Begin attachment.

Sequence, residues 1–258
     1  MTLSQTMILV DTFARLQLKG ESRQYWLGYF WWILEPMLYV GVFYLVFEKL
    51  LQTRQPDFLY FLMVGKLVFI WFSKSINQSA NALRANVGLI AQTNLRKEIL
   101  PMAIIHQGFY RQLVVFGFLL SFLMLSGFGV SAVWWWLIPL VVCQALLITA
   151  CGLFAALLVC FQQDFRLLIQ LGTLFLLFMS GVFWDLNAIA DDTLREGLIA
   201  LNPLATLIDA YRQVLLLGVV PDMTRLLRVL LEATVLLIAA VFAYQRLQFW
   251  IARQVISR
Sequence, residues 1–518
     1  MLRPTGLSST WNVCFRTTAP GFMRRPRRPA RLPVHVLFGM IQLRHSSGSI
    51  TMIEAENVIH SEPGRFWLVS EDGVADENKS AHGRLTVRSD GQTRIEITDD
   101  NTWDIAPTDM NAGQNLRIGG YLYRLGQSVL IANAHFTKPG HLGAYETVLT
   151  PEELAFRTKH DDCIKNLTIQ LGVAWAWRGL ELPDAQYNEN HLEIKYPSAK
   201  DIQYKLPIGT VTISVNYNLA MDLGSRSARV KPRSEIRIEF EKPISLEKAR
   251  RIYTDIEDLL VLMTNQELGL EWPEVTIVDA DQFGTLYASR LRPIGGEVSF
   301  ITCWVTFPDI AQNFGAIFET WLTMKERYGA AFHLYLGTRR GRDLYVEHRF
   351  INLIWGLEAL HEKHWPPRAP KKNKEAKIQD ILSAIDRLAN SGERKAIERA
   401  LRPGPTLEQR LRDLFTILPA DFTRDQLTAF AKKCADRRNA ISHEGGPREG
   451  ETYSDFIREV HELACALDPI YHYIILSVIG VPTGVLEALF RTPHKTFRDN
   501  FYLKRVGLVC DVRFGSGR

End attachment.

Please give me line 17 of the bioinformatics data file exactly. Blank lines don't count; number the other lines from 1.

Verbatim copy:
   401  LRPGPTLEQR LRDLFTILPA DFTRDQLTAF AKKCADRRNA ISHEGGPREG